QAnon believes that the United States' federal government has been infiltrated by an international cabal of pedophiles, Satanists and cannibals and that Trump was put in the White House to lead the fight against the cabal. According to the fictional belief set, an anonymous figure named Q is providing updates on Trump's battle. And one of QAnon's beliefs is that R&B superstar Beyoncé isn't really African-American but rather, is really an Italian woman named Ann Marie Latrassi who is passing herself off as Black as part of the conspiracy.

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QAnon Cultist Tied To White Nationalists Wins GOP Senate Nod In Delaware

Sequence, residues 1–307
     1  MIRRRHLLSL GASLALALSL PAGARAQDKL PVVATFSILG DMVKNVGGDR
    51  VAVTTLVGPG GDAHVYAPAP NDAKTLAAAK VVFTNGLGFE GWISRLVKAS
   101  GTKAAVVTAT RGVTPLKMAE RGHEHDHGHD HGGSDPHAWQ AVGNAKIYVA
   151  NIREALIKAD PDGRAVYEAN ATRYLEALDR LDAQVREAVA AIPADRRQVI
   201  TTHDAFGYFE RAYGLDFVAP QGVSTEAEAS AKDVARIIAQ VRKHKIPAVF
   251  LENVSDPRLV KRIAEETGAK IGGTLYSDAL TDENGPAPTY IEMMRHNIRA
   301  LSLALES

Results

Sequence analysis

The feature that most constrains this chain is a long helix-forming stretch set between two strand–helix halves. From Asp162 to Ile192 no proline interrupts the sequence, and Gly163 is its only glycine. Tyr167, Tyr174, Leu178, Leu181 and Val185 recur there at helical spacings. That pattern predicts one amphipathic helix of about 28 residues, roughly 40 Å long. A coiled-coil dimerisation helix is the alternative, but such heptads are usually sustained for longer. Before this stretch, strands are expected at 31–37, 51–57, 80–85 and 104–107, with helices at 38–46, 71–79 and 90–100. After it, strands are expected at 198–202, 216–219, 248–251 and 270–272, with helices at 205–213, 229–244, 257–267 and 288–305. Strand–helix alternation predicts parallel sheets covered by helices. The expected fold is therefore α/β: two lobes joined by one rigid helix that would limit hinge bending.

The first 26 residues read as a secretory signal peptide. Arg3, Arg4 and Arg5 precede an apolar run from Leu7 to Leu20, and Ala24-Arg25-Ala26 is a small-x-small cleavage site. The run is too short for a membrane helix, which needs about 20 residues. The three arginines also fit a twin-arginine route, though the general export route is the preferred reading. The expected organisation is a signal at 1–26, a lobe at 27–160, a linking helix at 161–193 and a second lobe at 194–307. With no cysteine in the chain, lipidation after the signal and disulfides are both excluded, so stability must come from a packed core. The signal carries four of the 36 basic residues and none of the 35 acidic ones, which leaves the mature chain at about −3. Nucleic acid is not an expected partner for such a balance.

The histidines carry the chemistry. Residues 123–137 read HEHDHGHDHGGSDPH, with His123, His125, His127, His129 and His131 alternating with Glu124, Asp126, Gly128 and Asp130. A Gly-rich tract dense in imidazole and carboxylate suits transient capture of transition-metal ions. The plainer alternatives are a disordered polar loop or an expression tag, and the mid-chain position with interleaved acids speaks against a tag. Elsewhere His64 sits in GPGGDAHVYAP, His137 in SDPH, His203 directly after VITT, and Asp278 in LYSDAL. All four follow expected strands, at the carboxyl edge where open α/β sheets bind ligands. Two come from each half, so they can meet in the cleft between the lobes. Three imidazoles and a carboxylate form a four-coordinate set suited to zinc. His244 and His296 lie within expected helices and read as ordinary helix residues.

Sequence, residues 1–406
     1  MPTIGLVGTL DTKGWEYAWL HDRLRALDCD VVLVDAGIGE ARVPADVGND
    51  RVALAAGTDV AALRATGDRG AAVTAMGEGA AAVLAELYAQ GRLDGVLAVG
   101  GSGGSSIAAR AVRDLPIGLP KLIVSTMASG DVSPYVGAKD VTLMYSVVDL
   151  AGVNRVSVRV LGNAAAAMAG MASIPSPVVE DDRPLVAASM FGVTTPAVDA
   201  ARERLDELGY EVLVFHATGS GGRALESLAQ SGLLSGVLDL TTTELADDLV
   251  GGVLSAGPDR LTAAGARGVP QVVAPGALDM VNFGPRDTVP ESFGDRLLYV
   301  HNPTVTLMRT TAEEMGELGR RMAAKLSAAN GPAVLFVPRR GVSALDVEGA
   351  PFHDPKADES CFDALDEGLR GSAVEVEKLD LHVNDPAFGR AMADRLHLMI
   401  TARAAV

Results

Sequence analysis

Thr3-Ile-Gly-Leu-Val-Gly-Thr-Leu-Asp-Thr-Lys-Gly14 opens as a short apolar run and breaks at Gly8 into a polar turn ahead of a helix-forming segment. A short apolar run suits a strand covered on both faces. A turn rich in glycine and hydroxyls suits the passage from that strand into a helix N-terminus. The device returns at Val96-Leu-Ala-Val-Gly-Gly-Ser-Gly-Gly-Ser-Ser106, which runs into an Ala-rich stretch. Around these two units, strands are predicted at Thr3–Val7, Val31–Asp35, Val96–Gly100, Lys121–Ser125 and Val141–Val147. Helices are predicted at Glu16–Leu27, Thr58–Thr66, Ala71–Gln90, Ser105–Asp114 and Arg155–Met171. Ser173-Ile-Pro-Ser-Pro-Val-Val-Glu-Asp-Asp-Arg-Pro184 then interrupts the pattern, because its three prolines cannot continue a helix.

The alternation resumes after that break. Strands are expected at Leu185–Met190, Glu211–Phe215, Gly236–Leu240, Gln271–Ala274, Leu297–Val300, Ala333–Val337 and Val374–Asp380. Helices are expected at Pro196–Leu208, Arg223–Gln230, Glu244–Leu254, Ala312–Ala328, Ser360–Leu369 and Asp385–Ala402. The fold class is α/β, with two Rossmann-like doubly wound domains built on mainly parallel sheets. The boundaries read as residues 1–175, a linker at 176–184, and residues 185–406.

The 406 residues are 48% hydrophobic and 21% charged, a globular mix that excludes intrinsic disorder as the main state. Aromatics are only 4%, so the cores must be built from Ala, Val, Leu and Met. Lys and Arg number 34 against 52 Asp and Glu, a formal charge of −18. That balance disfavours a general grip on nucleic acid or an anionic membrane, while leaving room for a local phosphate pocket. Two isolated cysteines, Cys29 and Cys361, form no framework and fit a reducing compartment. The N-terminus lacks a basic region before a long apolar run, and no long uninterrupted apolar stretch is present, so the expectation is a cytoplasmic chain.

Reprinted with permission from DailyKos

The Republican Party's descent into the quagmire of far-right conspiracism deepened Tuesday night in Delaware when Lauren Witzke, a onetime QAnon cult promoter with ties to white nationalists, notably through her former campaign manager, won the Delaware GOP primary for a U.S. Senate seat.

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The Destructive Cult That’s Eating The Republican Party Alive

For a certain kind of Republican, it is hard to imagine anything worse than the party founded by Abraham Lincoln transmogrified into the party of Donald Trump. Some of those Republicans have openly abandoned the once Grand Old Party, while others quietly await a reform or restoration. Only a few have acknowledged so far that the authoritarian and racist trends in their party cannot be blamed on Trump alone and were visible well before he took over.

Yet as awful and dangerous as Trump undeniably is, there may be something worse ahead for Republicans. That thing is called QAnon, the online phenomenon that has declared war on an international conspiracy of elitist pedophiles and cannibals, which, of course, doesn't exist.